2005: Not satisfied with Miami’s heartbreaking finish to an otherwise-stellar 59-23 regular season campaign at the hands of the then-defending champion Detroit Pistons, Riley orchestrates a second mega-deal that summer, shipping out Eddie Jones, Rasual Butler, Albert Miralles, Qyntel Woods, and a 2006 second round draft pick in exchange for Jason Williams, James Posey, and former Boston Celtic Antoine Walker. It would be the largest trade in NBA history, bringing in more veterans and scoring help for Wade and Shaq. Wade’s salary ticks up once more to $3.03 million, but he becomes the sixth-highest salaried player on the roster, behind a newly re-signed Shaq (who would accept a pay cut at $20 million to bring in Walker), Williams ($7.2 million), Walker ($6.8 million, Posey ($5.9 million), and fellow class of 2003 arrival Udonis Haslem ($5 million). Because Haslem was undrafted and signed afterwards, he did not have the luxury of the same financial security as Wade did being drafted in the lottery. He was then re-signed for five years, turning down more lucrative offers and reportedly leaving at least $10 million on the table. Haslem was then quoted as having said that “everybody makes a pretty decent check playing this game — but everybody doesn’t win a championship.” How ironic, but let’s move on. The HEAT would win the championship the following June, the team’s first in franchise history.

2007: It all falls down. After a lackluster title defense in 2006-07, Riley would eventually blow up the roster, shipping out virtually everyone–Shaquille O’Neal, Antoine Walker, James Posey, etc. This season would effectively be rock bottom as the team would finish with a 15-67 record. However, the HEAT would waste no time in locking in Wade shortly after that championship run, signing the All-Star guard to a three-year extension set to expire in 2010. Taking effect beginning in 2007, Wade’s salary would bump up to $13.04 million. Yet, still, he would not be the highest-paid player. Riley would ship Shaq to Phoenix in exchange for Shawn Marion and Marcus Banks. At that time, Marion, already an established veteran and described by Riley as the ideal running mate for Wade in the years to come, would be on the fifth year of a max deal signed in 2003. Once again, in trying to retool the team around Wade, it was a matter of developing a supporting cast around a very good player, not a matter of perceived value. Players making more money were simply brought in to improve the roster.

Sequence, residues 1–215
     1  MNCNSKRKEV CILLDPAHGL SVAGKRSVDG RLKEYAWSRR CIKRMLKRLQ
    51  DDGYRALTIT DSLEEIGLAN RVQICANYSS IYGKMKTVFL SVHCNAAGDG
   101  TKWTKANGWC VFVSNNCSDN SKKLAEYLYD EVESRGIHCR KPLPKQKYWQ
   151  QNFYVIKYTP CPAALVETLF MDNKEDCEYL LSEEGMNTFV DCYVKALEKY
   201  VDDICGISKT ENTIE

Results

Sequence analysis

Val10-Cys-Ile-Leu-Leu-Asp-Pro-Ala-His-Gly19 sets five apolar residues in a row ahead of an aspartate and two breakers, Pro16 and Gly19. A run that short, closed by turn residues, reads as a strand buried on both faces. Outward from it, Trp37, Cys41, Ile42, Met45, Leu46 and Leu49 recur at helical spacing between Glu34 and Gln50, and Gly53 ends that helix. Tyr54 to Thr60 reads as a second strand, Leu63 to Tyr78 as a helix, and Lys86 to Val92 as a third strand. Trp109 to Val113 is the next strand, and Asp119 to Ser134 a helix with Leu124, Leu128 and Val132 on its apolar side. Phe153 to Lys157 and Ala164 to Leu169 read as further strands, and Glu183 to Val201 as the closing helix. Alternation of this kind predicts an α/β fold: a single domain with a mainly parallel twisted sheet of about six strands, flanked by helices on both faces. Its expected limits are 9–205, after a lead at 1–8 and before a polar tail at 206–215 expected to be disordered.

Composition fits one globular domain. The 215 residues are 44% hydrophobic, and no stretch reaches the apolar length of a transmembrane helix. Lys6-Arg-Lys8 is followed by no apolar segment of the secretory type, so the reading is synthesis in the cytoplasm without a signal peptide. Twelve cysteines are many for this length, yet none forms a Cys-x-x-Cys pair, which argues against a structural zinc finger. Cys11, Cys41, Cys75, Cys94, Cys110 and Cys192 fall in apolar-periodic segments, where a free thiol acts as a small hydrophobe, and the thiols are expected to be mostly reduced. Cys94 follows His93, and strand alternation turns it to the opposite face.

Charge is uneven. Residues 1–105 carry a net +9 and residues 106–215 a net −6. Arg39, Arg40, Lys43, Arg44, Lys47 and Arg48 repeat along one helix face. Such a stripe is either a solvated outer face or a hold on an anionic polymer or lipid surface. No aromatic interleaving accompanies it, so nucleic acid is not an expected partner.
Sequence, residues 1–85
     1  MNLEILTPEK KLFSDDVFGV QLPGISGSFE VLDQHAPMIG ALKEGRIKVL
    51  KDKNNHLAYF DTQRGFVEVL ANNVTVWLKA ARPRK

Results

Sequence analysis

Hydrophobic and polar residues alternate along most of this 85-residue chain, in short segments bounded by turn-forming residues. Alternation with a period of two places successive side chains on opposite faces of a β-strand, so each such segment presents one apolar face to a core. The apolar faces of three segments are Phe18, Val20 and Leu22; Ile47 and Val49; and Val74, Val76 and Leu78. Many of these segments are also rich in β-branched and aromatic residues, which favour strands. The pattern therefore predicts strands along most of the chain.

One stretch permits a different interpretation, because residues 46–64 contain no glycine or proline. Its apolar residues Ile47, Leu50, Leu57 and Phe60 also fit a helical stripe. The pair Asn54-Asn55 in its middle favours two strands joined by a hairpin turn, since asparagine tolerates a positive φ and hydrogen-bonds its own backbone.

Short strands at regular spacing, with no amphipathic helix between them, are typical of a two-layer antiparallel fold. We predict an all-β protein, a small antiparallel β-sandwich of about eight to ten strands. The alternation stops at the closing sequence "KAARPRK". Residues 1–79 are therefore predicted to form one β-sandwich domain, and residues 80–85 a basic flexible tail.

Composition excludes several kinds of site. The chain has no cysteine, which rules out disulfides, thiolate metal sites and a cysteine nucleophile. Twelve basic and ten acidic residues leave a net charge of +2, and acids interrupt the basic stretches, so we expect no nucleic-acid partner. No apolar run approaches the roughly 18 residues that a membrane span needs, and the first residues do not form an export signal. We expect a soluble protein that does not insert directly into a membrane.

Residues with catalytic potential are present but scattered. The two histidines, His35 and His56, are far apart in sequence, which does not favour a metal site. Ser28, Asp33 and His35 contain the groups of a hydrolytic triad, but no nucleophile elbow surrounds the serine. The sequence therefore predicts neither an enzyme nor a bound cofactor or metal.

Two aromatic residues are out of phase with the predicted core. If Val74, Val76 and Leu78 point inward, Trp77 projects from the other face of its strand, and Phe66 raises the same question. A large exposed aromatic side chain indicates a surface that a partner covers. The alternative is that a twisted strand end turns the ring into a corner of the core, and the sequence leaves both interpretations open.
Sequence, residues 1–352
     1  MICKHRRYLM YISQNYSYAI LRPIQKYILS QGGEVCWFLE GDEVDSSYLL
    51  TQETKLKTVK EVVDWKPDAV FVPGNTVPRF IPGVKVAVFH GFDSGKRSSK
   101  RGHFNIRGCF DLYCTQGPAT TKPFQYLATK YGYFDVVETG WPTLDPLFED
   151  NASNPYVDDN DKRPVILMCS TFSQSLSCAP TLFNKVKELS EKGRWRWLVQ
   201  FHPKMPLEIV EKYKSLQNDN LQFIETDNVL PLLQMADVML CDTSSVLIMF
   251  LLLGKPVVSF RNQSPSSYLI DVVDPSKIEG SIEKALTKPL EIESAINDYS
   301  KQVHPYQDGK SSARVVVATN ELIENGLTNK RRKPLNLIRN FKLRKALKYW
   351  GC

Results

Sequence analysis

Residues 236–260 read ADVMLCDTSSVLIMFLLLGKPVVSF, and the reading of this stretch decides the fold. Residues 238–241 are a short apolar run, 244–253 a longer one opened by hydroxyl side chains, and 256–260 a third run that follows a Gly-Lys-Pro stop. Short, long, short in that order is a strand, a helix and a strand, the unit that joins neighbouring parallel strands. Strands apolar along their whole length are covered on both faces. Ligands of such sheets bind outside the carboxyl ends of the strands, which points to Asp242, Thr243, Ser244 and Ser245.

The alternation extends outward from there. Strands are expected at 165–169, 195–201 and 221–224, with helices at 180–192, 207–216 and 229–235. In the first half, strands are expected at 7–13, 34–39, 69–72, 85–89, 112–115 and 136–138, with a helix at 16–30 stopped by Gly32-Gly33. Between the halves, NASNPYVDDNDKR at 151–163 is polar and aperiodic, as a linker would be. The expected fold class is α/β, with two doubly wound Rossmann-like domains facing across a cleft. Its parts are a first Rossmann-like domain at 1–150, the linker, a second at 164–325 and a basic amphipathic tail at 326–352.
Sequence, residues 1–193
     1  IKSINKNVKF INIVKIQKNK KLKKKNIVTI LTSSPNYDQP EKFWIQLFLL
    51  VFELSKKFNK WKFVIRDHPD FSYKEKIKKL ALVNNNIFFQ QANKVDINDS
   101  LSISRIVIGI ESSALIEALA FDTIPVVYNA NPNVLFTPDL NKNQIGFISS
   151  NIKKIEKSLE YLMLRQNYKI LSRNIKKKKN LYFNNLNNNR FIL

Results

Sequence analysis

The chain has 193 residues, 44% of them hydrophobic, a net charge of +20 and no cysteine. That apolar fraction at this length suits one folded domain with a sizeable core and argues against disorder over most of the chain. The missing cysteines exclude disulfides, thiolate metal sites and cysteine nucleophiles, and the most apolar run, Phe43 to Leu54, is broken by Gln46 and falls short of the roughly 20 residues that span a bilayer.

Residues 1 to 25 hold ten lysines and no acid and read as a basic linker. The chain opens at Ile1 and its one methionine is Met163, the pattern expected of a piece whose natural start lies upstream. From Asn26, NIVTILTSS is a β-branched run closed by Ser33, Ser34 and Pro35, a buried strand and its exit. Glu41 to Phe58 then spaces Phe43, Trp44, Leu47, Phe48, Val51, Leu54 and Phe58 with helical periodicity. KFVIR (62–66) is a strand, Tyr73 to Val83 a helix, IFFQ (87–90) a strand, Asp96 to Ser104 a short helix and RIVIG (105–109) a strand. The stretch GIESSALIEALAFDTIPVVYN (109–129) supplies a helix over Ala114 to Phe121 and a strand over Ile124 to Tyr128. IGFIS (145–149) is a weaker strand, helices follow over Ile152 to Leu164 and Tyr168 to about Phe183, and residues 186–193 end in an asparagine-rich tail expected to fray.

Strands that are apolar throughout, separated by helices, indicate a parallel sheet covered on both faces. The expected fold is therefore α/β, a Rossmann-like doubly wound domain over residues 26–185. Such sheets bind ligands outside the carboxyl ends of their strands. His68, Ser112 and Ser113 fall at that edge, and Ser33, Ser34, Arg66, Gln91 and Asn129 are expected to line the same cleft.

2008/2009: The same thing would happen during the 2008-09 season, when Riley, working to build a better team around Wade once more, would trade Marion to the Toronto Raptors for Jermaine O’Neal, solidifying the front court and stabilizing the HEAT’s starting five. O’Neal was still on an enormous seven-year max contract signed with the Indiana Pacers back in 2003. This season, he was set to make $21.3 million (and $23 million the next year), considerably more than Wade’s $14.4 million that year. Nevertheless, Wade had his best all-around season and the comeback HEAT finished 43-39, good enough for a playoff berth and a competitive seven-game series vs. the Atlanta Hawks.

2010-2014: You remember this year and era. This was The Decision. Dwyane Wade, LeBron James, and Chris Bosh all became unrestricted free agents this offseason and decided to sign with the HEAT to win that elusive title. Each of them willingly took pay cuts in order to leave enough room for Riley to bring back Udonis Haslem, sign Mike Miller, and fill out the roster with veterans. Though the difference was relatively minor, Wade was third in salary on the roster with $14.2 million (to make room for Haslem), while Bosh and James each earned $14.5 million, each under the full max they could have commanded elsewhere. Again, this was Wade’s doing. How did it turn out? Four consecutive Eastern Conference titles and two consecutive NBA Championships. And then LeBron left.

2014: Wade, Bosh, and James all opt-out of their contracts in order to re-sign and create flexibility for more players, much like they did in 2010. Except LeBron, instead of coming back, decides to re-sign with the Cleveland Cavaliers, announcing so on July 11. Later that day, Bosh is re-signed to a six year maximum contract in an effort to salvage the franchise. His salary starts at $20.6 million. Wade re-signs four days later to a one-year, $15 million contract. LeBron’s abrupt departure throws the HEAT out of sorts, and they finish 37-45, missing the 2015 NBA Playoffs. Wade is the second-highest paid player on the team. Despite a close relationship with James, Wade still willingly opts out of a contract paying him (at the time) around $18 million. He knows of LeBron’s intention to return to Cleveland, but does nothing to recruit him to stay. This is confusing.

2015: After opting out of his initial deal signed in 2010 to sign for less, Wade has a contentious summer battle with Riley and HEAT management, even threatening to leave, before settling on a one-year, $20 million contract. That season, Wade experiences a bit of a resurgence with solid play, a relatively healthy regular season run, and some stellar playoff performances. The HEAT finish one win away from the Eastern Conference Finals, bringing us to the summer of 2016. Wade signs with the Chicago Bulls. Two years, $47 million.